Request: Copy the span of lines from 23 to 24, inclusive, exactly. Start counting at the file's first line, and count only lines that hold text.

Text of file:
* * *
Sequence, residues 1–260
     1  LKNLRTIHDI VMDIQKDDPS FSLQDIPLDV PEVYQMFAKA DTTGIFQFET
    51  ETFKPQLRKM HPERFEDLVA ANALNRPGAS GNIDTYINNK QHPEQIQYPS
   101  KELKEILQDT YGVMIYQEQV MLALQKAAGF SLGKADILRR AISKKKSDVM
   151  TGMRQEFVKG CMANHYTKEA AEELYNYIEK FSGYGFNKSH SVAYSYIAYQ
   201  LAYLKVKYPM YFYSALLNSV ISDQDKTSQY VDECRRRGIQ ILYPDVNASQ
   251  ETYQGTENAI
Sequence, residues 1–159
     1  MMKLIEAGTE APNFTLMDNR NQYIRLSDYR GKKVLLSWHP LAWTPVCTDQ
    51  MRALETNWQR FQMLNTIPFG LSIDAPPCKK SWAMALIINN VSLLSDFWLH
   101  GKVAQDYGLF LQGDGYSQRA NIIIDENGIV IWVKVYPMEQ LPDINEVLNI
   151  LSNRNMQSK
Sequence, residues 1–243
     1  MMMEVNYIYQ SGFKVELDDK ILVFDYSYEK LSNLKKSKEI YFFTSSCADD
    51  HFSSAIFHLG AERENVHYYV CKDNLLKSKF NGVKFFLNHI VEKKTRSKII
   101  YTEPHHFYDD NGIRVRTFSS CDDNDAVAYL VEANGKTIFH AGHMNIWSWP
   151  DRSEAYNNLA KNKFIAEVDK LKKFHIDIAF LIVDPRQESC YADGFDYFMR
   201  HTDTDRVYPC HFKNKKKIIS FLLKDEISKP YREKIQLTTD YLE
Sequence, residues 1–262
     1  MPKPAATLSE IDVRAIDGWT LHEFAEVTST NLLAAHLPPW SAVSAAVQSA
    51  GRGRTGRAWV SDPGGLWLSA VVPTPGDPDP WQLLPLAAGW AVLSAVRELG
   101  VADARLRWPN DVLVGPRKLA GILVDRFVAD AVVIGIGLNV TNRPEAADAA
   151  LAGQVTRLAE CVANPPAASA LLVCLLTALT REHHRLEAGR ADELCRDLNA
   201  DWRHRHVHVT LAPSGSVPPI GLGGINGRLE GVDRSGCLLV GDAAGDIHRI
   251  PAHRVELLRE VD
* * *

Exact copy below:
   151  LAGQVTRLAE CVANPPAASA LLVCLLTALT REHHRLEAGR ADELCRDLNA
   201  DWRHRHVHVT LAPSGSVPPI GLGGINGRLE GVDRSGCLLV GDAAGDIHRI